Obama’s Reelection and the Economy
The LA Times editorial board writes that President Obama’s most immediate challenge is averting the fiscal cliff, which has the potential to send the United States back into recession if a deal isn’t reached before January. They also say that the “longer-term problem for the president will be coping with the dueling pressures of an economy that’s growing too slowly and a federal debt that’s growing too fast, largely because of the rising cost of Medicare and Medicaid.”
In the New York Times, Bill Keller offers Obama advice on the fiscal cliff negotiations:
I’ve proposed before that Obama make it perfectly clear: if the Republicans continue to play stall and sabotage, if they do not respond to genuine offers of a fiscal bargain, he is prepared to let the tax cuts expire and draconian spending cuts (including defense) kick in automatically at the beginning of the year. It would not take a lot of persuading for the public to blame Congress and – as Obama recently pointed out – voting is the best revenge.
Robert B. Zoellick, former president of the World Bank and former deputy secretary of State, writes in the New York Times that “Economics is the new coin of the foreign policy realm,” and that the United States must now consider “political economy strategies to be foreign and security policy,” in order to retain its world economic ranking.
Obama’s Reelection and Immigration
The New York Times editorial board identified immigration as one of the major issues that helped Obama win the election, saying:
Mr. Romney, it turns out, made a fatal decision during the primaries to endorse a hard line on immigration, which earned him a resounding rejection by Latinos. By adopting a callous position that illegal immigrants could be coerced into “self-deportation,” and by praising Arizona’s cruel immigration law, Mr. Romney made his road in Florida and several other crucial states much harder. Only one-third of voters said illegal immigrants should all be deported, while two-thirds endorsed some path to legal residency and citizenship.
Also in the New York Times, Bill Keller predicts that Republicans will become more cooperative with the president on the immigration issue, saying, “After the burgeoning Latino vote went nearly 70 percent for Obama, I wouldn’t be surprised to see Marco Rubio rounding up Republicans for a deal on immigration reform.”
The Washington Post editorial board writes that Republicans would be wise to support an Obama immigration reform plan “if they hope not to be made obsolete by changing demography.”
Obama’s Reelection and Iran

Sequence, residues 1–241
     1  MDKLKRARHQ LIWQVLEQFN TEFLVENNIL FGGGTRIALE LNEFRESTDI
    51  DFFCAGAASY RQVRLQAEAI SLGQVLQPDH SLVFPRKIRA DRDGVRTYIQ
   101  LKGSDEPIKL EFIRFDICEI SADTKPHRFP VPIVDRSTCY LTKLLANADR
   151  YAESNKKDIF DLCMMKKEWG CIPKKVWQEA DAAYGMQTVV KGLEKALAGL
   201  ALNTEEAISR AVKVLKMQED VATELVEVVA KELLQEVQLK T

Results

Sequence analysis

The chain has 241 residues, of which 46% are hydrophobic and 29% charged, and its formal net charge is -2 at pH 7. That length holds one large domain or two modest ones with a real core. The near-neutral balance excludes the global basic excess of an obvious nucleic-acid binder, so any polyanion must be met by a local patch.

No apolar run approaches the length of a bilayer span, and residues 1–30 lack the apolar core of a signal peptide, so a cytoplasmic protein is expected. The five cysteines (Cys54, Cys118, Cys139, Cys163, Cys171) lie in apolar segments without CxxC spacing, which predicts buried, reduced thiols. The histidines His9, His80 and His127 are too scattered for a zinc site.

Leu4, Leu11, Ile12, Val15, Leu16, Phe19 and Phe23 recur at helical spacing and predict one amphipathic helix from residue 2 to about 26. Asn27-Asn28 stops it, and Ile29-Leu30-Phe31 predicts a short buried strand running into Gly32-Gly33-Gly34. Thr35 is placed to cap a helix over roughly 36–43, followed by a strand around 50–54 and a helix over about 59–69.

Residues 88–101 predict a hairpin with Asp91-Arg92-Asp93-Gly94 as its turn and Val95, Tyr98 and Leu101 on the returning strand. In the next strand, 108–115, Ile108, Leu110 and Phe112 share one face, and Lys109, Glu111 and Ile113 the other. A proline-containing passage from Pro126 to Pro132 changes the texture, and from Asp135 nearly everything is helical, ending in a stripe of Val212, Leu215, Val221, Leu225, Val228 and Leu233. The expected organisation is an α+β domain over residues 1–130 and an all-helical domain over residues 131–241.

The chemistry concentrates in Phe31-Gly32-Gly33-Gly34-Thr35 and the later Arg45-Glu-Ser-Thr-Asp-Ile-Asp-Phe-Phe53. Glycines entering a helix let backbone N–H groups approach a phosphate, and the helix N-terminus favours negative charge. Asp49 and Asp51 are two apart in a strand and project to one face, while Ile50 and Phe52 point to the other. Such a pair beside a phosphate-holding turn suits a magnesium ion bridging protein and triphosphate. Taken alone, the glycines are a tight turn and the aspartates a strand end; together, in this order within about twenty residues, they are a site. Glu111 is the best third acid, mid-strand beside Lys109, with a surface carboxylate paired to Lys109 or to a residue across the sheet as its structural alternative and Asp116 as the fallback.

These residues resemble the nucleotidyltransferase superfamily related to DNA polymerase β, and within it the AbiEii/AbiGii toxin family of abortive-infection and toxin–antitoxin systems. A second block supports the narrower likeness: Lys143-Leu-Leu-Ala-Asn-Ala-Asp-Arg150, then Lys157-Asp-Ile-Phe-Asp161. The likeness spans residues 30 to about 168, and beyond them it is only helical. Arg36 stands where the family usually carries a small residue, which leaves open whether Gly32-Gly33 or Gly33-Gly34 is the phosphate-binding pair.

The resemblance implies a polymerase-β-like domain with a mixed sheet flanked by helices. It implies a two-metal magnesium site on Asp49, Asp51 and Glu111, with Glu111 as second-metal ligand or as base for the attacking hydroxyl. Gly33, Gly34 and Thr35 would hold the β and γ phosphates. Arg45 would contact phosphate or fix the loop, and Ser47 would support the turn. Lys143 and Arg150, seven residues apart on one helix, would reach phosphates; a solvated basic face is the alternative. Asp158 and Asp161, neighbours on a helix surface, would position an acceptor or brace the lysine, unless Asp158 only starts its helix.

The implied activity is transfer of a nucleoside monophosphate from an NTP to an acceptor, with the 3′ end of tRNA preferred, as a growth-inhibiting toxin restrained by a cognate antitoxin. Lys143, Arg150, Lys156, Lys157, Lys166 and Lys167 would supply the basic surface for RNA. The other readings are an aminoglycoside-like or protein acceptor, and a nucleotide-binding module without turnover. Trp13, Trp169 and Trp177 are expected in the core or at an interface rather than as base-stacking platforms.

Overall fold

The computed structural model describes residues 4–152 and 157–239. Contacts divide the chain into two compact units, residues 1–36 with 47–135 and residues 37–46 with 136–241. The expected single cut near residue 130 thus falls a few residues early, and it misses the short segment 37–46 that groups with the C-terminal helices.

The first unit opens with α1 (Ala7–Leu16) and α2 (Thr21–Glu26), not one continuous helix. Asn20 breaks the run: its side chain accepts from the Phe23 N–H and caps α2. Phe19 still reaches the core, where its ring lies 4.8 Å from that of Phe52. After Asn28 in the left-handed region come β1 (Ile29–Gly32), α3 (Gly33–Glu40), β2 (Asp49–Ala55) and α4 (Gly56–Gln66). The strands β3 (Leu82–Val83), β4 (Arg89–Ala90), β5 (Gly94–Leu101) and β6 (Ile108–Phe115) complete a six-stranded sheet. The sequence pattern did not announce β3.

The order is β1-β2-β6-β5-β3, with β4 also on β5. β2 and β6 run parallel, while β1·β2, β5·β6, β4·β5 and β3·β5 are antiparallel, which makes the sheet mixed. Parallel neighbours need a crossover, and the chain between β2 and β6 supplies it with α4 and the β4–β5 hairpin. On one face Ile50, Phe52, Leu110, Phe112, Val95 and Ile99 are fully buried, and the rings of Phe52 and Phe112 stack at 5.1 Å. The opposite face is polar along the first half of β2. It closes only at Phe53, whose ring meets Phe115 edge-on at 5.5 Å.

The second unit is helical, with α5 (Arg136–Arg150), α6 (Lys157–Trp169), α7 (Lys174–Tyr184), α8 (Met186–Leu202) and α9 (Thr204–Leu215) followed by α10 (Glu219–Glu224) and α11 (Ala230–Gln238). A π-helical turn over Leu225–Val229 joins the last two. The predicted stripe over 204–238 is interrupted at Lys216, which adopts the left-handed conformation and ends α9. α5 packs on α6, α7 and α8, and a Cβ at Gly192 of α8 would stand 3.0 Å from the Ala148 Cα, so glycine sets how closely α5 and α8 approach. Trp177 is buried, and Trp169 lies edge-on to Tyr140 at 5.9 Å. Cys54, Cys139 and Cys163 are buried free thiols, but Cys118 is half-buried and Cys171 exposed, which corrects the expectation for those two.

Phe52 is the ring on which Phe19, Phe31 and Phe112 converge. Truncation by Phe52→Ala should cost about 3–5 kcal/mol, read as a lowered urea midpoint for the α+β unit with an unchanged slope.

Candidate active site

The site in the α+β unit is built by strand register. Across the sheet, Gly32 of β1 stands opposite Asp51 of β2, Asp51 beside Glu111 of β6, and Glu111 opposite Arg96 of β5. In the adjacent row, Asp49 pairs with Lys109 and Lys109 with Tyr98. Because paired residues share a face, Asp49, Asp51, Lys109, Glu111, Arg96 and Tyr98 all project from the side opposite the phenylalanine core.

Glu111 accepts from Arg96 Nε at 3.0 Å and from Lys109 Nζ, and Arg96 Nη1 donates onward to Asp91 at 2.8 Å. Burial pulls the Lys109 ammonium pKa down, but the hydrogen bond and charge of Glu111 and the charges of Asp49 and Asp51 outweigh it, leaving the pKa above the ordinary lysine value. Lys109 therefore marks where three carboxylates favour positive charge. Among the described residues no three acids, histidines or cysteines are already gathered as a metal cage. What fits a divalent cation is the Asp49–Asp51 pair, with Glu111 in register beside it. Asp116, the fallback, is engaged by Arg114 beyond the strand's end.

The Washington Post editorial board identified Iran as the first overseas issue that Obama may have to confront in his second term, saying “the Iranian nuclear program will pose a fateful challenge, possibly within months.”
Samuel R. Berger, a former national security adviser for Bill Clinton, writes in the New York Times that “the overriding foreign policy challenge for President Obama going forward is to convince a war weary nation that, in today’s world, we cannot secure our peace or our prosperity without leading others in the world who share our interests.” On Iran, he adds:
It is impossible to know how quickly the Iranians will move forward with their nuclear program; Israelis believe there is a window of eight to 10 months. During this period, Obama must decide whether to put forward a more probative proposal — intrusive international supervision of a strictly limited peaceful nuclear program in exchange for significant sanctions relief. If they reject that proposal, both their intentions and our good faith will be visible to the world.
In Foreign Policy, Aaron David Miller offers similar advice on offering a deal to Iran, adding:
On Iran, explore the hell out of diplomacy before you seriously consider military action — let alone war. Getting out of these conflicts is always more difficult than it seems, and the risk-to-reward ratio on Iran is inherently skewed toward the risk end. Once a nation acquires the knowledge and capacity to construct a nuclear weapon, it can’t just be bombed out of its collective consciousness. Military actions will at best delay, not prevent, Iran from acquiring nuclear weapons.
Unless you can change the mullahcracy in Tehran, your best bet would be an outcome that would keep Iran years away from actually making a nuclear weapon. Given the depth of animosity and mistrust between the United States and Iran over the last half-century, the odds of a grand bargain are pretty low.
Obama’s Reelection and the New Congress
Greg Sargent writes in the Washington Post that not only did the Democrats gain seats in the Senate, but the electees will push it in a more liberal direction:
This could matter when it comes to some of the most important battles set to unfold in Congress: Over tax hikes on the rich; entitlements; and perhaps even immigration reform.
In Politico, Jane Harman, a former congresswoman from California, writes that President Obama should look to the example of President Woodrow Wilson for insight on how to work with a divided Congress.
“The president needs to be able to articulate — and, with the help of Congress, execute — a vision for this country. Wilson did this with the League of Nations, which later became the blueprint for the United Nations,” she writes. “Obama’s Cairo speech was an excellent start, but economic issues swamped the effort.”
For more opinion, the LA Times compiled a roundup of what editorial boards were saying yesterday about Obama’s future.
–Contributing Editor Kirsti Itameri